If you stop eating and drinking, death can occur as early as a few days, though for most people, approximately ten days is the average. In rare instances, the process can take as long as several weeks.
One study in Archiv Fur Kriminologie concluded that you can’t survive more than 8 to 21 days without food and water. People on their deathbed who are using very little energy may live only a few days or a few weeks without food and water.
While the pre-active stage lasts for about three weeks, the active stage of dying lasts roughly three days. By definition, actively dying patients are very close to death, and exhibit many signs and symptoms of near-death.
Approximately one to three months prior to passing the patient will eat less and finally cease to eat just days before death. In most hospices, when a patient begins to eat less, it is a first sign that the transition phase is really getting underway.
How long can you survive without food before dying? An article in Archiv Fur Kriminologie states the body can survive for 8 to 21 days without food and water and up to two months if there’s access to an adequate water intake. Modern-day hunger strikes have provided insight into starvation.
Signs that the body is actively shutting down are:
End-of-Life Signs: The Final Days and Hours
The brain is the first organ to begin to break down, and other organs follow suit. Living bacteria in the body, particularly in the bowels, play a major role in this decomposition process, or putrefaction.
What happens when someone dies? In time, the heart stops and they stop breathing. Within a few minutes, their brain stops functioning entirely and their skin starts to cool. At this point, they have died.
Five Physical Signs that Death is Nearing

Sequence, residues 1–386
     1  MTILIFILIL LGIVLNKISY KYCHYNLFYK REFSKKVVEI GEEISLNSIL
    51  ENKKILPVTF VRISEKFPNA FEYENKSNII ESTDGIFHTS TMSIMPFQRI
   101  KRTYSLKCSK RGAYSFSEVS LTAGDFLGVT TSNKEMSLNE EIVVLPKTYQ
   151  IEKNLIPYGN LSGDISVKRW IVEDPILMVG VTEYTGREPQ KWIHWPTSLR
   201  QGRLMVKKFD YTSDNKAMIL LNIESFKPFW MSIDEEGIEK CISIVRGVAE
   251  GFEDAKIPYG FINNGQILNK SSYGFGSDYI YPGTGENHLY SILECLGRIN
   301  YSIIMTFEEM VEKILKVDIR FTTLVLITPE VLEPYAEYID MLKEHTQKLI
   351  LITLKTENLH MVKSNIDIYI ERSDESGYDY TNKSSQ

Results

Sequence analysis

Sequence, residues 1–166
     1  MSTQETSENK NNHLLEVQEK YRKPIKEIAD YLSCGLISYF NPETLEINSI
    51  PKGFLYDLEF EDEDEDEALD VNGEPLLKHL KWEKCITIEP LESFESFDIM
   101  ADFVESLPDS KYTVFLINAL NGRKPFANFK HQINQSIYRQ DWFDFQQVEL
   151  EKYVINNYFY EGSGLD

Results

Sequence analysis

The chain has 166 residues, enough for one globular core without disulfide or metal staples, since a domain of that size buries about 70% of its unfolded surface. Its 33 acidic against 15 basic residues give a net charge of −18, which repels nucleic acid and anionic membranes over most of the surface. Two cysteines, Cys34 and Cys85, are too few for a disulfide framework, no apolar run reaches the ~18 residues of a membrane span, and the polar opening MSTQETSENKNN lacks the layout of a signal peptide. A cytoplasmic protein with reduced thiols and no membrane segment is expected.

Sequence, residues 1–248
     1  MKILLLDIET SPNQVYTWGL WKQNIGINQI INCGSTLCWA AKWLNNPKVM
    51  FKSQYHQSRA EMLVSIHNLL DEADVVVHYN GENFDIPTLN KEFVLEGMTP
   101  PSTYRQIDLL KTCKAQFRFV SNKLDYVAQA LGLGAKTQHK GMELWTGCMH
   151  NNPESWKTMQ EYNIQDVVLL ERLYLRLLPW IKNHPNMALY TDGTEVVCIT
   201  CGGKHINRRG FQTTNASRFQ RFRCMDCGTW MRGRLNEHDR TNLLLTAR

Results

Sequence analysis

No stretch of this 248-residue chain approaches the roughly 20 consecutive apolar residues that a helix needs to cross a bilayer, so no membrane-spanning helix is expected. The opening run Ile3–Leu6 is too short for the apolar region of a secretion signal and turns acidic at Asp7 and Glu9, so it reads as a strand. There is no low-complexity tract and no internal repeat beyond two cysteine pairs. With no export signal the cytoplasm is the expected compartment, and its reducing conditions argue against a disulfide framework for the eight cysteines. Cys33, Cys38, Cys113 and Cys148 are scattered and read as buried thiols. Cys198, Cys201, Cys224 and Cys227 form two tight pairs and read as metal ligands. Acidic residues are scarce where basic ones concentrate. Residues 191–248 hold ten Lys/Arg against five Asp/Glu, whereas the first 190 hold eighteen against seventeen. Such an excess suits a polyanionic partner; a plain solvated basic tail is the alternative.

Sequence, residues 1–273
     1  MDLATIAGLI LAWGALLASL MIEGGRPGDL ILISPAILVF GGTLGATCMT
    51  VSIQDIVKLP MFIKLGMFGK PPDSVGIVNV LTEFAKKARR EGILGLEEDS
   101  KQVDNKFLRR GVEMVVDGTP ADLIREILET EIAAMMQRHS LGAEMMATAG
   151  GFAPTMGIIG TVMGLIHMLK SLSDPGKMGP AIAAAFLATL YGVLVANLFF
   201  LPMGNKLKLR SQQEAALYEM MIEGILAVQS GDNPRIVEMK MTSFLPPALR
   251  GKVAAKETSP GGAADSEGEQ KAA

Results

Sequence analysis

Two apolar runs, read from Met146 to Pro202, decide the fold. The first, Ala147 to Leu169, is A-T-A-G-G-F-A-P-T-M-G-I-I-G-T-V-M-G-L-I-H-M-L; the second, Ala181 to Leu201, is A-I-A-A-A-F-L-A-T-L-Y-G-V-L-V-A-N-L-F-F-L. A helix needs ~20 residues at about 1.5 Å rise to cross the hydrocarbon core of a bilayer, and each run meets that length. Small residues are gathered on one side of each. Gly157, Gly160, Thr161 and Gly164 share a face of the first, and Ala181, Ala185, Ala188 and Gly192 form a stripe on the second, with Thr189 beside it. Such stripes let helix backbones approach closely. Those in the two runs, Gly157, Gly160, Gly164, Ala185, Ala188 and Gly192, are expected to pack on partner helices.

According to one article, those on their deathbeds can survive between 10 and 14 days without food and water. Some longer periods of survival have been noted, but are less common. Keep in mind that people who are bedridden aren’t using much energy. A person who is healthy and mobile would likely perish much sooner.
The stools, or feces, may become hard and difficult to pass (constipation) as your fluid intake decreases and you become weaker. The doctor or hospice palliative care worker should be informed if you do not have a bowel movement at least every 3 days or your bowel movements are uncomfortable.
When someone is no longer taking in any fluid, and if he or she is bedridden (and so needs little fluid) then this person may live as little as a few days or as long as a couple of weeks. In the normal dying process people lose their sense of hunger or thirst.
After three to five days of not drinking water, your organs begin to shut down, especially the brain, which could have lethal consequences including fainting, strokes and in extreme cases, even death.
When a person is just hours from death, you will notice changes in their breathing:
When a person enters the final stages of dying it affects their body and mind. When a person’s body is ready and wanting to stop, but the person is not finished with some important issue, or with some significant relationship, he/she may tend to linger in order to finish whatever needs finishing.